linseed oil soap

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Oct 30, 2023
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I am interested in the linseed oil soap. When I added a little linseed oil to one soap, I got a soap that I really like. That's why I was looking for inspiration for linseed oil soaps. I was surprised to find almost nothing. I think it's because the linseed oil soap has a short shelf life? Is it a DOS problem?
I read that 2% linseed oil in soap is fine. Also, sodium citrate helps as a chelator. Good....
And then I found the soaps from the flax farm, they looked beautiful, so I looked at the composition:
linseed oil
coconut oil

This means that there is a high percentage of linseed oil in this soap. How is it possible? Apparently this kind of soap works when they sell it? I would like to try it in a small dose. According to the composition of the soap, could the recipe look something like this?


is my reasoning correct? With the fact that I would add sodium citrate. Does anyone have experience with linseed oil soap?

I also found a registered patent for linseed oil soap, where linseed oil, palm oil and glycerol are added to the cold soap base.
This makes me think that this soap can be very good.
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Sorry, I wrote it wrong. This is really sodium citrate, which is what I meant. Thanks for the correction and confirmation of the idea.

fixed in post
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@Zany_in_CO Thanks so much for the thread alert. I did see it, but I didn't think to read it because it was about the warm process, but now I see that there is useful information for my purpose as well. I was intrigued by the idea of using stearic acid, but I don't have it right now. So, thanks to @KiwiMoose , I tried playing with the lye calculator and if I replace 20% of the linseed oil with lard instead of 10% stearic acid, I get slightly better Ins. And it goes up to 94 from the original 65, which is still not ideal, but as a little experiment I can try... If it doesn't work, I'll see what DOS looks like 🙊. Since linseed oil has a high percentage of unsaturated acids, I am considering 0% superfat.
@Zany_in_CO Thanks so much for the thread alert. I did see it, but I didn't think to read it because it was about the warm process, but now I see that there is useful information for my purpose as well.
You're welcome.

Yes, that thread is about making LS, liquid soap. Since you are making CP, the most important piece of info in that thread is that flaxseed oil is safe for use on the skin; linseed oil is not as it contains methane/methanol (from wood) in its natural state and it is toxic to skin. That's why it's good for washing floors and such. Flaxseed is refined and therefore doesn't contain methane. They are not interchangeable. ;)
@Iveta Pelá my understanding from your earlier post is that you have cold-pressed linseed oil, correct? My understanding is that this is safe for food, and thus, safe for soap. Wikipedia says:

Nutritional supplement and food​

Raw cold-pressed linseed oil – commonly known as flax seed oil in nutritional contexts – is easily oxidized, and rapidly becomes rancid, with an unpleasant odour, unless refrigerated. Linseed oil is not generally recommended for use in cooking. In one study, the content of Alpha linolenic acid (ALA) in whole flaxseeds did not decrease after heating the seeds to temperatures of up to 178 °C (352.4 °F) for one and a half hours.[11]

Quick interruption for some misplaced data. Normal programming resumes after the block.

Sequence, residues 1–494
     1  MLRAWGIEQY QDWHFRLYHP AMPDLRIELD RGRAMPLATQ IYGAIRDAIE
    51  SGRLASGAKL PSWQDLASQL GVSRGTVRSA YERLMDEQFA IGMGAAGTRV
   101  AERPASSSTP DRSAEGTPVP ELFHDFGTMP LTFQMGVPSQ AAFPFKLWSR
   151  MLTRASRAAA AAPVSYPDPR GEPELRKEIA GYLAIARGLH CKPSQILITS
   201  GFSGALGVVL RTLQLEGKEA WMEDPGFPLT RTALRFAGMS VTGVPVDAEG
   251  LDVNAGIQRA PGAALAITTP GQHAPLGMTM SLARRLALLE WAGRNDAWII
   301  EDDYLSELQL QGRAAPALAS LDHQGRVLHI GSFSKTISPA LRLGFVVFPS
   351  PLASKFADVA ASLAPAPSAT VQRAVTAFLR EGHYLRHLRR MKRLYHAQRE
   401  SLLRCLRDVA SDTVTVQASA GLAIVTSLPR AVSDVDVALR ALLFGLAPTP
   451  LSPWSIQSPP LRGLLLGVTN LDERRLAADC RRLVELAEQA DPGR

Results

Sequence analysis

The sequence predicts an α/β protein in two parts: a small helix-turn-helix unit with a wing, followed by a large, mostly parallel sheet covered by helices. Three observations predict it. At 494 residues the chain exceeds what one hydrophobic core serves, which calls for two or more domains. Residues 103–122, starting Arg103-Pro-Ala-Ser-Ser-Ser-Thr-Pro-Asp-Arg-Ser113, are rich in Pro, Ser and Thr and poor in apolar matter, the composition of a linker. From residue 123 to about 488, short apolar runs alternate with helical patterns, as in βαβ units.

Food-grade flaxseed oil is cold-pressed, obtained without solvent extraction, in the absence of oxygen, and marketed as edible flaxseed oil. Fresh, refrigerated and unprocessed, linseed oil is used as a nutritional supplement and is a traditional European ethnic food, highly regarded for its nutty flavor. Regular flaxseed oil contains between 57% and 71% polyunsaturated fats (alpha-linolenic acid, linoleic acid).[12] Plant breeders have developed flaxseed with both higher ALA (70%)[12] and very low ALA content (< 3%).[13] The USFDA granted generally recognized as safe (GRAS) status for high alpha linolenic flaxseed oil.[14]
I was talking to Iveta. Her post says she uses cold-pressed linseed oil.
Check out the link I added. Whether boiled or cold-pressed, they're both used to clean wood, similar to using turpentine and that's where you find them in the hardware store or home improvement stores.

To be safe, I think a little more research would be beneficial. My experience with linseed oil is confined to use on wood, in oil painting and Murphey's Oil Soap for cleaning wood. Personally, I wouldn't use it to make CP soap to cleanse skin. I can only speak from experience and long time use of both products based on my early research.

Wikipedia may not be the best source for that info. There's a lot of conflicting information out there. :rolleyes:

Both flaxseed oil and linseed oil are extracted from seeds of the plant Linum usitatissimu. Flaxseed oil is pure and fit for human consumption; linseed oil goes through a refinement process and may contain additives that improve its paint-cleaning properties. Never drink linseed oil. Instructions on flaxseed oil packages will indicate if it is drinkable.
HTH :computerbath:
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Do as much research as you'd like. The OP has stated that she has COLD-PRESSED LINSEED OIL, which - as you quoted from my quote - is THE SAME THING as flaxseed oil. Nutritional contexts = food grade.
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@AliOop, @Zany_in_CO It is a cold-pressed edible oil. It's really edible and doesn't taste very good. It is used for cold food, it should not be heated too much. Storage in the refrigerator. I mixed the lye with lye at a low temperature and put it in small molds so that it doesn't get too hot.